New year, new challenges! In 2013 I will be conducting experiments on myself to test whether aspects of the paleo/primal lifestyle suit me. Here’s the first instalment as I chronicle the journey, on my new blog, Revenge of the Caveman:
On Dec. 4, my first e-book will be released.
UPDATE: Here’s where to buy it:
Drink Different: A Refreshing Guide to Home Mixology is based on my columns in the National Post, but I rewrote stuff and added to it so that it functions as a primer on making cocktails at home. That’s fun and easier than you might think.
As a teaser, you can read the first chapter here.
Anyway, if you have a thirst, a thirst for knowledge, and an e-reader …
As of this week, I’ve joined HuffPo as a blogger, specifically on the subject of booze. I’m still not sure about the whole writing for free thing, but people who think a lot more about branding and self-promotion than I do assure me that raising my profile/traffic/whatever is a good thing. OK then.
Only one post so far, but it’s a start … here’s an idea: You could subscribe to the RSS and check regularly.
Ladies and gentlemen, it brings me great pleasure to announce my new booze blog, That Sweet Burn.
Some of you may have noticed my links to the site via Twitter, Facebook and so on already, and have asked what it’s all about. This post explains it.
The name is of course a reference to the tickle and sting that accompanies a swig of the finest hooch.
I’m not sure the interweb necessarily needed a whole new booze site, as there were plenty of fine ones to begin with (check out the blogroll over there). But I just had so many thoughts about beer and cocktails and liquor, and only one chance a week to share them at The Appetizer over at the National Post. And whereas the Post is written for a general audience, TSB can delve into the geekier aspects of liquorology when I feel so inclined.
So there we are. I hope you enjoy.
P.S. I would be much obliged if you would do me the honour of following me on Twitter at @ThatSweetBurn.
P.P.S. I’ll be launching yet another blog here soon.
I have been growing my hair out. I don’t know what I want it to end up looking like, just as long as it doesn’t look the way it does when I first wake up.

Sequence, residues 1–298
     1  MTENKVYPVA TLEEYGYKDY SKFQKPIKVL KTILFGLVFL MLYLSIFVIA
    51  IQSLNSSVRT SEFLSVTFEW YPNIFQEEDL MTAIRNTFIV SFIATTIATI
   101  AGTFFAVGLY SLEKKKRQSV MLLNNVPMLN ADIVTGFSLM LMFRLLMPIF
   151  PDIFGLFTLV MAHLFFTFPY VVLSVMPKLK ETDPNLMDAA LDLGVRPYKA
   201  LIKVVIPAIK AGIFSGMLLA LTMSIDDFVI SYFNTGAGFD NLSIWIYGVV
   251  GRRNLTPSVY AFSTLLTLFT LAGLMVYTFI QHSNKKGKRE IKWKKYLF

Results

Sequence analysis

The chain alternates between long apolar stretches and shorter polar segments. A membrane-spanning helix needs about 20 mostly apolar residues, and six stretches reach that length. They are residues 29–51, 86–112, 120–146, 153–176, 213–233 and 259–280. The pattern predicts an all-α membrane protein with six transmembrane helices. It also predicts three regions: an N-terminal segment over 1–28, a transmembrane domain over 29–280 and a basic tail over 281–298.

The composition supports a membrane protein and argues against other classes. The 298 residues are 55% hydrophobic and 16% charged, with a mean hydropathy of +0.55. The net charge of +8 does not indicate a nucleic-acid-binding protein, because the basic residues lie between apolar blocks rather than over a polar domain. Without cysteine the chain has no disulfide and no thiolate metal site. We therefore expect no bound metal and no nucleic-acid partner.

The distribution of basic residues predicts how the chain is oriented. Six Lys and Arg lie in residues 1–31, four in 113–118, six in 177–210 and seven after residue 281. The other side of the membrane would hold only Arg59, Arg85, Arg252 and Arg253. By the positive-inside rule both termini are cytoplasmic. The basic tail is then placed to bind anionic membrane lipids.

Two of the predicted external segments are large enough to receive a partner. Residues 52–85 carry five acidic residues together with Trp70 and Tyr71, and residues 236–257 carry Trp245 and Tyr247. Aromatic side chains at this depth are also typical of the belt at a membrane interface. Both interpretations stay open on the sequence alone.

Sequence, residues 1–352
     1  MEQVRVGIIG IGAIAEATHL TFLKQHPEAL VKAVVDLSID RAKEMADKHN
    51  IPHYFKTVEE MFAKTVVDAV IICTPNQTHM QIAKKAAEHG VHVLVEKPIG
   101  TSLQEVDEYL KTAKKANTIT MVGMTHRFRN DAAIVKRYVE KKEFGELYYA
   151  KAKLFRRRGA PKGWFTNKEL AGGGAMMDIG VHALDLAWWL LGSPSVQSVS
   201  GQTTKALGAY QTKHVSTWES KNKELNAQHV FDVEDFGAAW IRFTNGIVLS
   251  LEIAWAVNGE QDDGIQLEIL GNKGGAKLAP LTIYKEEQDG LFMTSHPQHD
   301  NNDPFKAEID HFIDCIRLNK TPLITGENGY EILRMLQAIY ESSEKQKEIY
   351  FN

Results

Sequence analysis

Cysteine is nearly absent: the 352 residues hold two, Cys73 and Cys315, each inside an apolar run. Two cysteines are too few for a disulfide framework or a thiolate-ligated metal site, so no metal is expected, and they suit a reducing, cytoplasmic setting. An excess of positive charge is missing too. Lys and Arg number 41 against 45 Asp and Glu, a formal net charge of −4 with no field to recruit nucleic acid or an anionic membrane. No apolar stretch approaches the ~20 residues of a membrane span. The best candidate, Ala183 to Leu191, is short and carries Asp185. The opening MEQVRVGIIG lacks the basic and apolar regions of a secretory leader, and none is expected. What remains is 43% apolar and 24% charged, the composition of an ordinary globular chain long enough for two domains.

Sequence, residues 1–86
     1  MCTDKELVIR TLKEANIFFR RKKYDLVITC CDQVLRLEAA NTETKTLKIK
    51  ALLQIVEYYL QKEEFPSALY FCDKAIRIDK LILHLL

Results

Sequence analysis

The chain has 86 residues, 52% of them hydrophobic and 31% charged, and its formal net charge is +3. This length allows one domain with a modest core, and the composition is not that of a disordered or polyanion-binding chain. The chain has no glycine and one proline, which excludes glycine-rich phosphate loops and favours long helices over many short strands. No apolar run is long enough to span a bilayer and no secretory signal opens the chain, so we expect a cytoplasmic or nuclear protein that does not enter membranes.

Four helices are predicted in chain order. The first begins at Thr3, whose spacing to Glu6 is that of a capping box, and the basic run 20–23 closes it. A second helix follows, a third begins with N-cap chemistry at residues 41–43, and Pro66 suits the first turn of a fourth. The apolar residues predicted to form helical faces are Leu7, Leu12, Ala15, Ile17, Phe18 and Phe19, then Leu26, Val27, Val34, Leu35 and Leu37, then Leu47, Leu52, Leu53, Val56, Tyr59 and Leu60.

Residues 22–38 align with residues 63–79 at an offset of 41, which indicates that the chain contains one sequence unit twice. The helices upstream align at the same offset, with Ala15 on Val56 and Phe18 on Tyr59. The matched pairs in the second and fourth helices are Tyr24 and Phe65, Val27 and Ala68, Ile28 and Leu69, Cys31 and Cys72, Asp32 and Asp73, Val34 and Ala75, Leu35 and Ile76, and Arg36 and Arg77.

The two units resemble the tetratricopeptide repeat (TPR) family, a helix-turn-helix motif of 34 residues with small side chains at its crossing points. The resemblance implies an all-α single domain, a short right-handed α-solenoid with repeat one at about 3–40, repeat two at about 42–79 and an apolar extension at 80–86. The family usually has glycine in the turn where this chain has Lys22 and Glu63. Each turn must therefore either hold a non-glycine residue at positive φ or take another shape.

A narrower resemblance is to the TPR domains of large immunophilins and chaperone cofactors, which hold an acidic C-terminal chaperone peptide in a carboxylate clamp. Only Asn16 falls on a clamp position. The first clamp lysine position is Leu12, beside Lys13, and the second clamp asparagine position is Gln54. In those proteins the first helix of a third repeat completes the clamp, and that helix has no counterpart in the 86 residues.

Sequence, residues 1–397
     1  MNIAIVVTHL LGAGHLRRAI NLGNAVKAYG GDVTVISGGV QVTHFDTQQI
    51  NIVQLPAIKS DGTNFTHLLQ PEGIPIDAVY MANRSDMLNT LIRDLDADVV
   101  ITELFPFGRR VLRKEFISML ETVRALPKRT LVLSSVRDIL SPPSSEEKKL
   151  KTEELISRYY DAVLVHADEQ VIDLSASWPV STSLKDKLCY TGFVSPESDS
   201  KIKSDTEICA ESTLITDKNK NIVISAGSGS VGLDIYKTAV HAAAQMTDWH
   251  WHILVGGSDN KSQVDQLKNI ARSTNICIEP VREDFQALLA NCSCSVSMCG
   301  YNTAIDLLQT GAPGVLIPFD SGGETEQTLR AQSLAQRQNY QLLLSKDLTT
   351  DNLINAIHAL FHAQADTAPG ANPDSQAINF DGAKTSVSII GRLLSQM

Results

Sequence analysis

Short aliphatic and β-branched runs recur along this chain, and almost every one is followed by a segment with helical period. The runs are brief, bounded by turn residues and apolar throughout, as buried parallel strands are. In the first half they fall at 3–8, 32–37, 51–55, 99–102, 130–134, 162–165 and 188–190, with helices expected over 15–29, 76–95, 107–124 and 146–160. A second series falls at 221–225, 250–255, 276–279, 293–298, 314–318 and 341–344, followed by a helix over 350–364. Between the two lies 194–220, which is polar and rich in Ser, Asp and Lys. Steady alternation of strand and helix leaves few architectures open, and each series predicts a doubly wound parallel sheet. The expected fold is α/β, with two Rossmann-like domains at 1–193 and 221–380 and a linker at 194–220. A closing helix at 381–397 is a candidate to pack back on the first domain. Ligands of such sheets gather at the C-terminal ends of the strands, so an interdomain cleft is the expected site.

There’s been some epic bedhead lately. Enjoy.
I’m not a big fan of chain coffee shops generally, and I don’t normally dole out free advice to companies charging more than $3 for a fancy cup of joe. But with the news last week that Starbucks is expanding its list of stores serving alcohol, I feel compelled. If they do this thing right, the experiment could change North American after-work culture for the better.
Forgive the cynicism, but I had feared critter plonk, bland lagers and Skinnygirl Margaritas. But the reality is that Starbucks appears to be getting this right so far.
Have you ever noticed how many microbreweries and wineries there seem to be in Nova Scotia these days? Not to mention a couple of small distilleries. Back in October, I went to the province to check out the booze scene, with an eye to writing a travel piece about drinking one’s way through Nova Scotia. Fun to do, fun to write.
Cool water seeps into my boots as Ben Swetnam guides me through the fine mist that lingers over the vineyard. It is an October morning, the height of harvest season at Avondale Sky Winery. Ben plucks a cluster of L’Acadie blanc grapes off the vine and hands them to me for a nibble.
[UPDATE] … and about Ironworks Distillery here.
(Both photos by yours truly.)
In today’s National Post I relate the story of the most wonderfully strange junket I’ve ever been on. It involved three days in Scotland, two in Denmark, a lot of whisky and plenty of insight into what makes Scotch whisky the beloved spirit it is.
To wit, one nugget I had to cut from the story for length: Male distillery workers will sometimes wear women’s grooming products. When you’re nosing 300 casks a day, explained Glenfiddich’s affable malt master Brian Kinsman, “You have to buy ladies’ deodorant. Unscented men’s doesn’t exist — or at least I haven’t found it.”
The principal lesson, however, was that marketing Scotch means being up for new ideas and adventures: trying venison with sticks, holding meetings in Malaysia and maintaining ties to quiet little whisky festivals in Denmark. Continue reading